I was reading “The Passionate Programmer” by Chad Fowler and came across an action point which literally read “go to a software conference”.

But spending hundreds of euros on a conference like OOP in Munich with travel costs and expenses for hotel and meals wasn’t quite the way to go as a father of two infants and plans of building a house.

A friend of mine – Thomas Berger – was always fancy about little independent conferences and barcamps which are very common in Berlin where he lives.

Sometimes You just have to keep your eyes open. And lo and behold I found a barcamp hosted by method park just 500 meters away from my company’s site. Like driving to work, getting home in the evening. Except on a weekend.

I purchased the ticket via openspacer and payed 29 €. I had not so high expectations because some colleague of mine stated that this event would likely be a recruiting thingy of the hosting company. Oh Boy, was he wrong! Ok, so what is a barcamp? A barcamp is a self-organizing event which lives from the input of all present participants.

For a barcamp You don’t hire expensive speakers. The folks decide in the morning about which topics they want to discuss all day long. Some come prepared with a talk, some have just a bunch of ideas they want to present and get some feedback from other professionals.

So Software Engineering Camp (#SWEC16) started at Friday 18.11.2016 and ended Sunday 20.11.2016. I did not attend the Friday evening opening because kids – You know.

So I went on Saturday morning. Because meeting with complete strangers is leaving my comfort zone big time, I was very happy to see Andreas Tennert from my company e.solutions around.

As a first time camper I had a hard time choosing my 9 sessions from the 45 topics. Luckily there is a rule for attending bar camps: when you cannot contribute or learn something, change the sessions. So it’s not like school where you are always waiting for the bell to ring. Here is the list of sessions I attended:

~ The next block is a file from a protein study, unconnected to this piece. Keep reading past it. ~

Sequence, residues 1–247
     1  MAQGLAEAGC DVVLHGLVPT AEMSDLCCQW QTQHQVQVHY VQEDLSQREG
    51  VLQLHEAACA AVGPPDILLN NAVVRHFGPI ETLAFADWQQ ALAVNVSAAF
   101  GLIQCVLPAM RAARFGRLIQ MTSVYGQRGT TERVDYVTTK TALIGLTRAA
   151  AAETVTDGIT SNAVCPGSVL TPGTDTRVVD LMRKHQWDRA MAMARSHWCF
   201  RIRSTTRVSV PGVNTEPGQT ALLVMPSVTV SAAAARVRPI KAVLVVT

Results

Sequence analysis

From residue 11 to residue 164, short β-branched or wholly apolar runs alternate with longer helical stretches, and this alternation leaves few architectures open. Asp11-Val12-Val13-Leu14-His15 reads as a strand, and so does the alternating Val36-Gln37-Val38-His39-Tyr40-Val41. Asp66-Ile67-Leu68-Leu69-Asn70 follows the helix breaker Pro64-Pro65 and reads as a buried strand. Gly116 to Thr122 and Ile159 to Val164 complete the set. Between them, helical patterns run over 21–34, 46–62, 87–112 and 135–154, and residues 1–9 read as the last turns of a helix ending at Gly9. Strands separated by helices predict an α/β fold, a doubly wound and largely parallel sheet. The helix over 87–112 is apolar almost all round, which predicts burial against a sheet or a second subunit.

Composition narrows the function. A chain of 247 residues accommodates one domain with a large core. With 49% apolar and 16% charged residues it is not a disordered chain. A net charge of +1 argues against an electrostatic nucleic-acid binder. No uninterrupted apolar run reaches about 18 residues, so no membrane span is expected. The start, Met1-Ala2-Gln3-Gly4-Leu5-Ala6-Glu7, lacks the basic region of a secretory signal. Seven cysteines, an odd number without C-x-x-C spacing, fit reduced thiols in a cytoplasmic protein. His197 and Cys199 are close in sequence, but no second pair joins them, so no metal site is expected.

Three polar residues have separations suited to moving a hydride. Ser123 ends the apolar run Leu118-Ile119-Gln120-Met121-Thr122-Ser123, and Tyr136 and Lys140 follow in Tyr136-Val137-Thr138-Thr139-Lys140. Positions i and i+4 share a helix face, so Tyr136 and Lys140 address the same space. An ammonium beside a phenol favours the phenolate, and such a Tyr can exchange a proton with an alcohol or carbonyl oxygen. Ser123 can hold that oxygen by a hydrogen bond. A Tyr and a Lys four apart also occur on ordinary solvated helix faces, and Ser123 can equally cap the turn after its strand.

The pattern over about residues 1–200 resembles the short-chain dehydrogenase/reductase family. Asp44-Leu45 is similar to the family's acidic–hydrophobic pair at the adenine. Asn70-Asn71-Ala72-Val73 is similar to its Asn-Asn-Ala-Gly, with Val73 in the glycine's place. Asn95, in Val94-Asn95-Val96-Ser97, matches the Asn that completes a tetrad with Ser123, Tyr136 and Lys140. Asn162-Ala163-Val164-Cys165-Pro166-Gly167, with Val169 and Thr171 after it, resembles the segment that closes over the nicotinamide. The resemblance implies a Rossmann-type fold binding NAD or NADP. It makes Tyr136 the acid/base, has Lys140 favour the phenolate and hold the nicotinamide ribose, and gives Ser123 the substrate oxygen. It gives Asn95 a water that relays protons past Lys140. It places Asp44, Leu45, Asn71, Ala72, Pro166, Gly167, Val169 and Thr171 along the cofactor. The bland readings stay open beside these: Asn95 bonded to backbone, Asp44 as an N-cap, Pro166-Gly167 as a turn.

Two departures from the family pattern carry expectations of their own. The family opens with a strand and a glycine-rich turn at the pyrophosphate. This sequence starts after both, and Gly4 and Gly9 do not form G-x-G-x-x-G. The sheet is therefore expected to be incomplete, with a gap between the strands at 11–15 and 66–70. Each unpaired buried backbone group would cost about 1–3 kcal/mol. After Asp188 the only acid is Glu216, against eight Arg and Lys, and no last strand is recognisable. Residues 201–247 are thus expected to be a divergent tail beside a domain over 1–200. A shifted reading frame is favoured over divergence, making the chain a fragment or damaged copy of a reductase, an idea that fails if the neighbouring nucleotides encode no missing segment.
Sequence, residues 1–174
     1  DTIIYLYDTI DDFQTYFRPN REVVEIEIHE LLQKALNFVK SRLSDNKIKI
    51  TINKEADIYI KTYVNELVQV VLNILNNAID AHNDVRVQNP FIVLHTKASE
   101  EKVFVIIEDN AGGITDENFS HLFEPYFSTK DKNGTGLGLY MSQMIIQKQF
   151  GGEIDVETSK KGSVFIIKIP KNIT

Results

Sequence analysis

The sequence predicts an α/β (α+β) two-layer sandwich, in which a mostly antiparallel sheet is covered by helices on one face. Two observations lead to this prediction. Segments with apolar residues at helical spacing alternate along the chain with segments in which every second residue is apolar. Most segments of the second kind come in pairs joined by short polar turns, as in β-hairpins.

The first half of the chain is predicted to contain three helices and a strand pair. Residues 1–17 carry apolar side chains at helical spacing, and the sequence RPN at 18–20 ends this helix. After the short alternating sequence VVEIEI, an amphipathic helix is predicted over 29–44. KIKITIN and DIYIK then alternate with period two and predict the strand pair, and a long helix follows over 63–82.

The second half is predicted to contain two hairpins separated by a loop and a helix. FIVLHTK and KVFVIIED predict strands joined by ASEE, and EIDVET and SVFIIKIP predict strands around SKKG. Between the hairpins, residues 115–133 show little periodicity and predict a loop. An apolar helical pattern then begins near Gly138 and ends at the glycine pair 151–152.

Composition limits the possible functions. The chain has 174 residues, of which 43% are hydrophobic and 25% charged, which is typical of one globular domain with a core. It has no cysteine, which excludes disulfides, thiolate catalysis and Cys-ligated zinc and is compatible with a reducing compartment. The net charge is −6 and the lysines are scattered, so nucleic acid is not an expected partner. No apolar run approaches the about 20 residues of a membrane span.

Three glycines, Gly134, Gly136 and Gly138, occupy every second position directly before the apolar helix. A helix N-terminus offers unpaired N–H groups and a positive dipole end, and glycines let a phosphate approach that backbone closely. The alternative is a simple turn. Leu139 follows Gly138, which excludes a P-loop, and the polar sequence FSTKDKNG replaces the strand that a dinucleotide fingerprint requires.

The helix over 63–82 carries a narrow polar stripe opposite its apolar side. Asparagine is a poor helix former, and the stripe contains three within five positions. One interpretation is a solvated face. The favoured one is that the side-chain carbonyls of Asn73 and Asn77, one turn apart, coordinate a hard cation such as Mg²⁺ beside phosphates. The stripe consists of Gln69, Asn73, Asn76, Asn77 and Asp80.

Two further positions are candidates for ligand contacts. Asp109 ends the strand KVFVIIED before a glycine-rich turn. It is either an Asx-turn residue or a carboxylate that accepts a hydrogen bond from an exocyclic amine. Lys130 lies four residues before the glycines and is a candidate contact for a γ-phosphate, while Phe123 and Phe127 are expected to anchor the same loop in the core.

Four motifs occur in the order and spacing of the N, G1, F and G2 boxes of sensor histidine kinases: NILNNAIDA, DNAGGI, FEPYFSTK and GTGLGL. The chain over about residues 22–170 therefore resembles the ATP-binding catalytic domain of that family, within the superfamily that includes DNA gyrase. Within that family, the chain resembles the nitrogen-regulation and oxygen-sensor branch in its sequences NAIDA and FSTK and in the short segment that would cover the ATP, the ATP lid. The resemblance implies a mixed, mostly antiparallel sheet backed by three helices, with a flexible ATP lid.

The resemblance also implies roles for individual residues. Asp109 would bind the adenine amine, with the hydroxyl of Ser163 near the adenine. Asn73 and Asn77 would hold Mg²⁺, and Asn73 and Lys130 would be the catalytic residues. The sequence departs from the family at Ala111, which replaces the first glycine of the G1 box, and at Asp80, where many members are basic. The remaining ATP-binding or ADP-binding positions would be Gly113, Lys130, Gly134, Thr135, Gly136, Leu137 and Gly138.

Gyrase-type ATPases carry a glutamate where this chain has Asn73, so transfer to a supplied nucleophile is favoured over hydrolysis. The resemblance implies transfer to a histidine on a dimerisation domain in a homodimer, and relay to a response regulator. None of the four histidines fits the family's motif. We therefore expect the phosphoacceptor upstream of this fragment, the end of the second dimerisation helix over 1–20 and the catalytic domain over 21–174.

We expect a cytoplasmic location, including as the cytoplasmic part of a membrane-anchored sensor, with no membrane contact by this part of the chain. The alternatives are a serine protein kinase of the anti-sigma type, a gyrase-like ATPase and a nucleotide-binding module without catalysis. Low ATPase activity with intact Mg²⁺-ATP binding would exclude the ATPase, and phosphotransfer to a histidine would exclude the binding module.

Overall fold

Working together in a large codebase – Joys and Pains

Laura – a former employee of method park – works for Google in the London office and was astonished how 25.000 engineers can work on the same repository. Takeaways:

  • Google uses Piper, their own versioning system
  • Everyone can contribute to every Google project, but the changes have to be reviewed by a project owner
  • Google does not expect You to be productive in the first year.

Unknown unknowns

Andreas made a talk about things we don’t know and that we sometimes even don’t know what we don’t know. Takeaways:

  • There are things we cannot even imagine that we don’t know

Comparing Software Dev culture Japan vs Germany

Susumu Sasabe showed us the differences and commonalities between these two development cultures. Takeaway:

  • Kaizen
  • More iterations

Security and the IoT

Alex talked about the Internet of unpatchable things. Takeaway:

Minimal Documentation of Software Systems

Oliver showed the gap between developer documentation and end user documentation. Takeaway:

  • arc42 template

My Manager doesn’t understand me

Steffen made a talk about the issue that a developer communicates the project status as “red” while the customer is told “everything’s green”. Why is that?



Wolfram made a very impressive demonstration of the MeteorJS framework by showing how they built a meeting documentation app. Takeaways:

  • Hot code push updates all clients whenever a database, client-side or server-side code change happens
  • Wrapper around npm for client-side and server-side package management
  • Integrates with Angular, React
  • With version 1.5 more databases are supported

Customer Journey as Team Journey

Nadja wanted to present the idea of a team journey as a meta-retrospective to discuss with your team on a regular basis how everyone thinks about the separate parts of scrum e.g. daily, planning, grooming and retro as well. Takeaway:

  • Scrum doesn’t have a built-in meta-retro per se but it should

No excuse for for not doing TDD even on the smallest target

Klaus introduced us to Test driven Development on deeply embedded devices. Takeaway

The Bottom Line

The organization of this event was really really good. Enough to eat and drink, quiet and comfortable location and a nice spectrum of sessions.

I was charged and energized, when I came back to work on monday. I had to tell everyone about this event. I was a bit disappointed that except Andreas and me no one from our company attended SWEC16. I’m already looking forward for the next SWEC which will definitely happen in 2017. I also booked another event Future Mobility Days in Nuremberg

Some other impressions from the SWEC16 event:

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